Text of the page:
It is contemplated that processing performed by the processing unit 220 on the acquired biometric data clip received from the data capture circuit 210 may include, but not be limited to, the creation of a composite data clip having better image resolution quality by computationally extrapolating information from multiple samples (e.g., a number of successive data clips). This creation of the composite data clip would be useful where the biometric device includes a relatively low resolution camera that successively captures data clips associated with selected characteristic(s) of the user.
Another example of processing operations may involve the cropping of a data clip so that certain characteristics relevant to authentication or identification operations are identified and retained while characteristics unnecessary for comparison purposes are excluded. This may further reduce bandwidth usage and increase the processing speed of the biometric system.
Ultimately, the processing performed by the processing unit 220 may extend to include the actual comparison of pre-stored master characteristics with the processed data clip to determine whether or not to grant the user access to the node.
Referring still to FIG. 2, the memory element 222 is used for storage of intermediate computational results and may optionally be used to store master characteristics, depending on whether comparisons are being performed by the processing unit 220 or by the host processor contained within the node. If the comparisons are being performed by the processing unit 220, the memory element 222 is modifiable to contain such master characteristics that can be updated. For example, the memory unit 222 may be adapted with all types of memory including, but not limited to Random Access Memory (“RAM”), Electrically Erasable Programmable Read-Only Memory “EEPROM” and other types of Flash memory. It is contemplated that the master characteristics may be updated by transmitting the information from the node through the secure communication line 130. Furthermore, the node may communicate with a remotely located source (e.g., a centralized database) to receive master characteristics of the user downloaded from the remotely located source. The memory unit 222 may also be used to store such cryptographic keying material and digital certificates as may be required to implement the security functions associated with providing secure communications to the node.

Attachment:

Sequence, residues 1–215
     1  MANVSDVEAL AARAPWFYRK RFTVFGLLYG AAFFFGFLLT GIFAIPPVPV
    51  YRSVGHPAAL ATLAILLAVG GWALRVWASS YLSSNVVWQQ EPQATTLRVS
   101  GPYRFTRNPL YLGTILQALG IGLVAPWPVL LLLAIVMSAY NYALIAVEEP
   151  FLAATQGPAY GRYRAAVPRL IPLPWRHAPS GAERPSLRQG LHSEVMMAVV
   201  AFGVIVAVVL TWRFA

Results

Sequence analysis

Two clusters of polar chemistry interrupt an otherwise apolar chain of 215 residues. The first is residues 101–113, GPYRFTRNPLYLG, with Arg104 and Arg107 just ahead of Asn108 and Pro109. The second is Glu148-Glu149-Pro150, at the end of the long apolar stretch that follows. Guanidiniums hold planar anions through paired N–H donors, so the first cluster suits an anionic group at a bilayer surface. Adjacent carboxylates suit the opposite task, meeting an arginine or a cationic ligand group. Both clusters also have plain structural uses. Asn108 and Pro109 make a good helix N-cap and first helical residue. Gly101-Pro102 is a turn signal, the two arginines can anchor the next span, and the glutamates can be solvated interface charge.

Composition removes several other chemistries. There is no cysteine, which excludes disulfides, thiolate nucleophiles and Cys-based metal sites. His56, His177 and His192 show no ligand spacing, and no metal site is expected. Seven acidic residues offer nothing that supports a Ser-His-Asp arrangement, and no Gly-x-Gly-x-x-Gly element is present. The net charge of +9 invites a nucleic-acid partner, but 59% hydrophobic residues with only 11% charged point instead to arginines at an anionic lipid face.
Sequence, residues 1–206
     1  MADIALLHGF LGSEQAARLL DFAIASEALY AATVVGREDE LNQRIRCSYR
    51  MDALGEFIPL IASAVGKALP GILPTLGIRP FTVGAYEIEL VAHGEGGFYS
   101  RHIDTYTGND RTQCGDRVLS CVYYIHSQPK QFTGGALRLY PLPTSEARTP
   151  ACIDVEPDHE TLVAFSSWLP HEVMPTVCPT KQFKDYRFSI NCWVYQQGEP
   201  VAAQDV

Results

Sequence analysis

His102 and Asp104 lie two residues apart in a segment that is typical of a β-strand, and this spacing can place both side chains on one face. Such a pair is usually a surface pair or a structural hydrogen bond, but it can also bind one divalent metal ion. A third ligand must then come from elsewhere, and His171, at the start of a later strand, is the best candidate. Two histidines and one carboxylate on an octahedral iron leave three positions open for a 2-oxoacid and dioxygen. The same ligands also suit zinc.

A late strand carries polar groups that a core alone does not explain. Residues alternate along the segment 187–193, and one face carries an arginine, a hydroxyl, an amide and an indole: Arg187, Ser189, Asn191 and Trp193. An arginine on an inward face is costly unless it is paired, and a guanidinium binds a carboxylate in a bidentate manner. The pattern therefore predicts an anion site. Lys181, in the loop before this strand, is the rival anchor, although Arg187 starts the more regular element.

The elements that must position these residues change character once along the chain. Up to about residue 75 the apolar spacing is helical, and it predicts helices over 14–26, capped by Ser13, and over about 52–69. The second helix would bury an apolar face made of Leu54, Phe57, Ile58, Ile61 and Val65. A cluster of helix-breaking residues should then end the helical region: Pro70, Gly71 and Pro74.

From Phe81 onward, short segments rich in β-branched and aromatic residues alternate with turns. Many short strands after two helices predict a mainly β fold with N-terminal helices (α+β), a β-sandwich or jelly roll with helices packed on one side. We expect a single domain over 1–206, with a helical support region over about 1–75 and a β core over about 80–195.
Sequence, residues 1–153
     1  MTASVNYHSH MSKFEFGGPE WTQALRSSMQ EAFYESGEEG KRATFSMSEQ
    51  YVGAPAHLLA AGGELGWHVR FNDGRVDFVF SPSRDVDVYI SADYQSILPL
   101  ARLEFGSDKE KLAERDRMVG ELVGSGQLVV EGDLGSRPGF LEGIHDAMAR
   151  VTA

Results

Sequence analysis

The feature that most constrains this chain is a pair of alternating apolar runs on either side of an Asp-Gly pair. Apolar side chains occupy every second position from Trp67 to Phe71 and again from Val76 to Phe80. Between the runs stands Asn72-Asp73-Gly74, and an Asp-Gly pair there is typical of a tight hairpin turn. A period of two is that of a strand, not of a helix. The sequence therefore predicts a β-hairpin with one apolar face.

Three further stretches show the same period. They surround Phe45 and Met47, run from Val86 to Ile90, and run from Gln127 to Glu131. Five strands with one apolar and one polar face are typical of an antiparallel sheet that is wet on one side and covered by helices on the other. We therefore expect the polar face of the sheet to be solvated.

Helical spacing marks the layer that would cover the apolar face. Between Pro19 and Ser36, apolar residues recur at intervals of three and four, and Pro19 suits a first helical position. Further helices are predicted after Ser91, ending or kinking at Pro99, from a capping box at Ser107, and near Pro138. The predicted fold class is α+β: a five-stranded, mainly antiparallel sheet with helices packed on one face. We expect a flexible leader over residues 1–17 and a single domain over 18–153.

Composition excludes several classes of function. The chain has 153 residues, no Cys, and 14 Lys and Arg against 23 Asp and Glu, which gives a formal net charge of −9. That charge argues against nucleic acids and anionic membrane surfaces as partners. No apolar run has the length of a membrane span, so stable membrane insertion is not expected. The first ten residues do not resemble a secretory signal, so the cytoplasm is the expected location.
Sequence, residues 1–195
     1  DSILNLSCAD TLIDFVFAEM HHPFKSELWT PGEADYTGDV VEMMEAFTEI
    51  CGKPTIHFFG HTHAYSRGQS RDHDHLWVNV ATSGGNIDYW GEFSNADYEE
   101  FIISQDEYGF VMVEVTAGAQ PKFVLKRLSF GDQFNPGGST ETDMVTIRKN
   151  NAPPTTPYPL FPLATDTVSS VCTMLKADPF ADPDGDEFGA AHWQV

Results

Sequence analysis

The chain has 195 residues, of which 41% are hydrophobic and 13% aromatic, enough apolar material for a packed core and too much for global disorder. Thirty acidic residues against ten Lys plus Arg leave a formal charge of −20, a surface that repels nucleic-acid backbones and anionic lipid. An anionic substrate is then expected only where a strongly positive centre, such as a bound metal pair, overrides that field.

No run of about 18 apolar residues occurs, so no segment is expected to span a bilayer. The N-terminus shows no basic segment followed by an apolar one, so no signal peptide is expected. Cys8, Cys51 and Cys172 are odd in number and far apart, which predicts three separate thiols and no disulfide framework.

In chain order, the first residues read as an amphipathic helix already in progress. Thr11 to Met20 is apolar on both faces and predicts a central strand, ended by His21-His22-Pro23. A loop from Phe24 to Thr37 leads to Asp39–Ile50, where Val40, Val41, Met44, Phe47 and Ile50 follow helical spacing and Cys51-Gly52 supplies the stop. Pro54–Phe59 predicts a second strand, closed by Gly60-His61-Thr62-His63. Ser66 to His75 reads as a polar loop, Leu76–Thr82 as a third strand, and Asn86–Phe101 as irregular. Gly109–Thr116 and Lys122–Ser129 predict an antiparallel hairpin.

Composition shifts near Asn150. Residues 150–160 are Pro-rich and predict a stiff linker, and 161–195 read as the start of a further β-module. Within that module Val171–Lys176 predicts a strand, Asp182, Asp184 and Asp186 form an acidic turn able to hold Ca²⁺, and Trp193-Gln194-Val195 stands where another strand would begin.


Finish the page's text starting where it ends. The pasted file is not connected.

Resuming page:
The access control circuitry (see FIG. 1) periodically queries the biometric processor 200 to transmit a “response” message from the biometric device to the node via the communication line 130. The response message signals that access to the node is still authorized or provides data necessary to determine whether such access is authorized.